(Denver Post, Apr. 28) Watch closely as the legislature enters its final ten days of the 2013 session. This year is shaping up as a game–changer for the way Coloradans govern ourselves and seek the common good. Over the decades, we’ve seen a Republican–led House and Senate confronting a Democratic governor, and vice versa. We’ve seen the House and Senate controlled by opposite parties.
(Centennial Fellow) It is an easy, and not entirely inaccurate, observation to make that an overly latitudinarian and morally relativistic society is at least partially to blame for last week’s bomb attacks in Boston. It is not entirely accurate, either; in the final analysis, it is terrorists, and the strictures that motivate them, that are to blame for acts of terror. More importantly, it is how a society responds to such attacks that matter, and whether that response will be framed by an unchecked barbarous emotion on one extreme, a fanatically tolerant, multi–culturalist approach on the other; or a more pragmatic, realistic one that recognizes the incompatibility of our own culture with that of radical, fundamentalist Islam.
(‘76 Contributor) In his 1831 book celebrating America, Alexis de Tocqueville warned, “In democratic societies, there exists an urge to do something even when the goal is not precise, a sort of permanent fever that turns to innovations, … (which) are always costly.” After a spate of traumatic tragedies that impact the gun and immigration debates, feverish politicians are rushing to innovate complex legislation without thoroughly and publicly examining the underlying problems and before “we the people” consent to their solutions.
Editor: Cliff Dodge, a former state senator from Denver and now president of the Arapahoe County Republican Men’s Club, wrote this shortly before the 2012 election. It has only become more relevant since then. Being a mere mortal, I cannot see or predict the future. Several religious sects and their leaders have tried to predict the end of civilization and life as we know it, but to no avail. On December 21st, 2011 it was predicted the world would end.
The first Earth Day in 1970 came to pass with a plethora of statements from the usual alarmist suspects (e.g., Paul Ehrlich, Dennis Hayes, U.S. Sen. Gaylord Nelson, et al) that, in hindsight, should make any sane person laugh out loud. The fact making these a lot less funny is that similarly outrageous statements are being made today by the likes of Al Gore & Co. A sampling of the 1970 stuff appears at the end of this commentary. The fatal fault underlying much said by these disciples of Thomas Malthus is their apparent ignorance of history.
Editor: After we reprinted the Rod Dreher article, “Sex After Christianity,” Centennial Fellow Brad Hughes offered this penetrating analysis of the same problem—the hollowing out of the church in the USA—from a different angle. It is secularism, not sexuality, that has seduced the saints and threatens to destroy America from within. America is following the path already traveled by Europe, the bastion of secularism.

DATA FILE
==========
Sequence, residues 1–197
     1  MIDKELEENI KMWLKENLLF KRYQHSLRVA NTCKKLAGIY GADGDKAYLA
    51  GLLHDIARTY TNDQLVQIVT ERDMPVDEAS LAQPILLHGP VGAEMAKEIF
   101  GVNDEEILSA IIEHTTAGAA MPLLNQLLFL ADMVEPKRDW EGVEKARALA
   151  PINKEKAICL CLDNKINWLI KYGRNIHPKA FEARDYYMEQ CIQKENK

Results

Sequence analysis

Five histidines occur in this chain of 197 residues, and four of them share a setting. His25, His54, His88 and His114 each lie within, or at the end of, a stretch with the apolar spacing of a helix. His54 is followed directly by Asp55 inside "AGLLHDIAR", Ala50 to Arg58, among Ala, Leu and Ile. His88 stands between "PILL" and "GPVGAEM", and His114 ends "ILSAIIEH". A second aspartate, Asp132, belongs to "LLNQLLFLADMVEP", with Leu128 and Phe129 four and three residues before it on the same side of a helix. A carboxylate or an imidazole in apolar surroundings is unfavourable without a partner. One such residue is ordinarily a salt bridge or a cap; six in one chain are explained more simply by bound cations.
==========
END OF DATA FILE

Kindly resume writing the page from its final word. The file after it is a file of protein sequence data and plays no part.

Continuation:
(Centennial Fellow) Now that they have regained total control of the State Capitol, Democrat leaders in the legislature just cannot resist kicking rural Colorado every time they get a chance. It was necessary, they told us, for rural Coloradans—and gun owners everywhere—to compromise our lifestyle and our freedom as part of their irrational quest to make us safer by passing laws that will continue to be ignored by cold–blooded killers like James Holmes, Adam Lanza and the Boston bombers.
(‘76 Contributor) Rand Paul must still be licking his wounds after his recent foray into the halls of Howard University. When I read about Sen. Paul’s devastation as his prepared remarks unraveled, revealing a series of factual errors, misnomers, temporal confusions and a failed attempt to equate the post–1968 Republicans with the party of Lincoln, I couldn’t help but draw a comparison with another white conservative who had spoken numerous times to cheering, supportive crowds at Howard University: the late Jack Kemp—congressman, cabinet secretary, and 1996 GOP vice–presidential nominee.
(’76 Contributor) Little did I know that, years after being in a parachuting accident during a year at Oxford, I would meet Gen. James C. “Jim” Hall, USAF (Ret.), one of the greatest parachutists of all time, and then plan a recent celebration of his many professional and personal achievements. Gen. Hall is an American hero who has played a significant role in the history of aviation.
Colorado is not better off as the legislative session wraps up with Democrats having pushed through a hard–left agenda, says John Andrews in the April round of Head On TV debates. Susan Barnes–Gelt disagrees, lauding the session as enlightened and pragmatic. John on the right, Susan on the left, also go at it this month over gun control, illegal immigration, lapses by law enforcement, and a sweetheart land deal in local government. Head On has been a daily feature on Colorado Public Television since 1997. Here are all five scripts for April: